6. Bona fide inability to settle should be understood as any event or set of circumstances, not qualifying as force majeure, which are objectively measurable as reasons defined in the contract terms for one or both parties to the contract not to fulfil their contractual obligations. Bona fide inability to settle clauses also characteristically provide for a temporary suspension of contractual obligations while the relevant event or set of circumstances is in place rather than an outright termination of the contract and for the contract to be set aside when the fulfilment of the contractual obligations is excluded by contractual terms.

 

7. The existence of default clauses providing that a party is entitled to financial compensation in the case of non- or defective performance of the contract should not prevent the contract from being characterised as "must be physically settled" for the purposes of further specifying wholesale energy products under Section C 6 and C 6 energy derivative contracts.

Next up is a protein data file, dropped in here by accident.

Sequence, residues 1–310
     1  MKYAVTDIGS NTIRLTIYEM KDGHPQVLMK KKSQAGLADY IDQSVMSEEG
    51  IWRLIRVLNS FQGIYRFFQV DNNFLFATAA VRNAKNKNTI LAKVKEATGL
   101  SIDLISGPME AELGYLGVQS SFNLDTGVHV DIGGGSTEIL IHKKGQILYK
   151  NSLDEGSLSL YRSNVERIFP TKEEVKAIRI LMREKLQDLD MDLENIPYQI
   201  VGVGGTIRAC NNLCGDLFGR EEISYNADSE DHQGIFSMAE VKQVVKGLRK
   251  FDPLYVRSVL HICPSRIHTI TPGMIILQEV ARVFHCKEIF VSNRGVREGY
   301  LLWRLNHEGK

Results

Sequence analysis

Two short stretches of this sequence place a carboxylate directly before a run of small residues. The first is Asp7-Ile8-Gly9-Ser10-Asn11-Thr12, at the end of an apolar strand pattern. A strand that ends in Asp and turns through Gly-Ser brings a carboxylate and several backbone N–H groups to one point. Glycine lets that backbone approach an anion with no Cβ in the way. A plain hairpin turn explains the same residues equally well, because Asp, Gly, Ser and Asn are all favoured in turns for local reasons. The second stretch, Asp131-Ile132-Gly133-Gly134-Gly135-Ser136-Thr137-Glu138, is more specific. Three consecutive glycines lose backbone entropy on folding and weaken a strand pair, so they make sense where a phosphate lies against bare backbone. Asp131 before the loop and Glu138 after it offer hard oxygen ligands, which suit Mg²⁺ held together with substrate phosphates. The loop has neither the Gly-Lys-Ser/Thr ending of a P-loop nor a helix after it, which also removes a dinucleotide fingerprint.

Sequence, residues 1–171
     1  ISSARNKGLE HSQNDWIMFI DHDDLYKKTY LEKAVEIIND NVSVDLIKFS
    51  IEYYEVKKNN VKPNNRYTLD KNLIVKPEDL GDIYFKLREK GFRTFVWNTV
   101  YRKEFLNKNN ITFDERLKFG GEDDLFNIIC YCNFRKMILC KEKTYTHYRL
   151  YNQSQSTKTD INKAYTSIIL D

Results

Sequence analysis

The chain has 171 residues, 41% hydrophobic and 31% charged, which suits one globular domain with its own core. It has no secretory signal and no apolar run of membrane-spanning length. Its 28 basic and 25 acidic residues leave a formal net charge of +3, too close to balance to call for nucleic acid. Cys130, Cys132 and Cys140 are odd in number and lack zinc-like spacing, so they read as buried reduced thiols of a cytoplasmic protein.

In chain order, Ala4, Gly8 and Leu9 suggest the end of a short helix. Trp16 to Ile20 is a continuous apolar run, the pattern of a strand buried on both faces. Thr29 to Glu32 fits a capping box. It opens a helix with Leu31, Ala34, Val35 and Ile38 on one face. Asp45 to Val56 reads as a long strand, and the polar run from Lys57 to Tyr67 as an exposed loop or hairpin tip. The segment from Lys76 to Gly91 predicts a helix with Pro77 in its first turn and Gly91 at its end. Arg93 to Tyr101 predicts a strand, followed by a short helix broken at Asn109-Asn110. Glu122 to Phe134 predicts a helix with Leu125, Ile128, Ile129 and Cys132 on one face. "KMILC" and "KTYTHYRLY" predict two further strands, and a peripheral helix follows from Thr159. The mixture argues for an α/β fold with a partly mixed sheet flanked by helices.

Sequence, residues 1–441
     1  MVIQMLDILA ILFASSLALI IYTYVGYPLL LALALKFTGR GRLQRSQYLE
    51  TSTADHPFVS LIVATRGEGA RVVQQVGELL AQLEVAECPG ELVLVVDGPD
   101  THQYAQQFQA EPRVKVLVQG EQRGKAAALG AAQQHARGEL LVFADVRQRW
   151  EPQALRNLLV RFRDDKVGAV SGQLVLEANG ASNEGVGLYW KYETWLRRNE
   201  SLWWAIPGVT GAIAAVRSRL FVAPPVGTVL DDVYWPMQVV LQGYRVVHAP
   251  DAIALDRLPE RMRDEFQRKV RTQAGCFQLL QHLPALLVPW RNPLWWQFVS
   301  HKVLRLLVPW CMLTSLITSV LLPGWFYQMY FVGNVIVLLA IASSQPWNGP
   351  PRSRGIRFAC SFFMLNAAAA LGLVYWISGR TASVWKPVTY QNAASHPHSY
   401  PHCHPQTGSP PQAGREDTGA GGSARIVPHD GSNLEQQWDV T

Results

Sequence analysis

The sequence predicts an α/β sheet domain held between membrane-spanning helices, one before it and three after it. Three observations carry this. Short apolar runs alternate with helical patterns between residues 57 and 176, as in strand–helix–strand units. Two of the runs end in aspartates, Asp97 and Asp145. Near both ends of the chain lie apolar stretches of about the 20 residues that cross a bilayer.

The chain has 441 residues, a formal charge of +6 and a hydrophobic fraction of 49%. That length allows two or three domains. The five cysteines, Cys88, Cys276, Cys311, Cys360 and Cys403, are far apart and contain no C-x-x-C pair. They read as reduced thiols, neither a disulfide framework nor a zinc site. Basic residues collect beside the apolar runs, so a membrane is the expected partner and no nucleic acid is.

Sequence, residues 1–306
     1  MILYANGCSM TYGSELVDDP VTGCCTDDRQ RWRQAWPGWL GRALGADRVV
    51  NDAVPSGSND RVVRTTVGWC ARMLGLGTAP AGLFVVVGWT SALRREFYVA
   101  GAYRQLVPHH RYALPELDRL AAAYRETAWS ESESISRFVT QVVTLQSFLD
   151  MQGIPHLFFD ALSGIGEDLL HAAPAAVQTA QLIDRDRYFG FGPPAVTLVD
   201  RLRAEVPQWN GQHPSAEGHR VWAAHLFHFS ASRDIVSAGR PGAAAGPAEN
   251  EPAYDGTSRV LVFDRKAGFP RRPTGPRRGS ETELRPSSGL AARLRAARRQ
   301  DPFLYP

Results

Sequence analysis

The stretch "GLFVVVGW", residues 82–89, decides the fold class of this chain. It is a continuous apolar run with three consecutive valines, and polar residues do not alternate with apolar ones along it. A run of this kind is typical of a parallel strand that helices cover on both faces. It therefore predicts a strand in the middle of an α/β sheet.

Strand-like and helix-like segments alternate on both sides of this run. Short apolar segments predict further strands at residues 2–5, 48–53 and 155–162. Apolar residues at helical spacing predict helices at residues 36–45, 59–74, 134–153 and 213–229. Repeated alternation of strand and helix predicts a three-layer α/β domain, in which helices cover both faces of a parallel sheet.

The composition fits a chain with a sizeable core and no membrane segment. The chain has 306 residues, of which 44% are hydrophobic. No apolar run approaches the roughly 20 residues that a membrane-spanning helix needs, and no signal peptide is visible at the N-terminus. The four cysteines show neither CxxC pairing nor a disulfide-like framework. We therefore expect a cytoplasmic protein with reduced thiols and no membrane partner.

8. Contracts that are physically settled can have a broad range of delivery methods including the following:

 

i. physical delivery of the relevant commodities themselves;

 

ii. delivery of a document giving rights of an ownership nature to the relevant commodities or the relevant quantity of the commodities concerned (such as a bill of lading or a warehouse warrant); or

 

iii. another method of bringing about the transfer of rights of an ownership nature in relation to the relevant quantity of goods without physically delivering them (including notification, scheduling or nomination to the operator of an energy supply network) that entitles the recipient to the relevant quantity of the goods.

 

The above ESMA's analysis became the law, with only minor modifications, with the adoption of the Commission Delegated Regulation (EU) 2017/565 of 25.4.2016 supplementing Directive 2014/65/EU of the European Parliament and of the Council as regards organisational requirements and operating conditions for investment firms and defined terms for the purposes of that Directive - see Article 5 and Recitals 3 and 4.

 

The European Commission's additions to the ESMA's text of 19 December 2014 cover: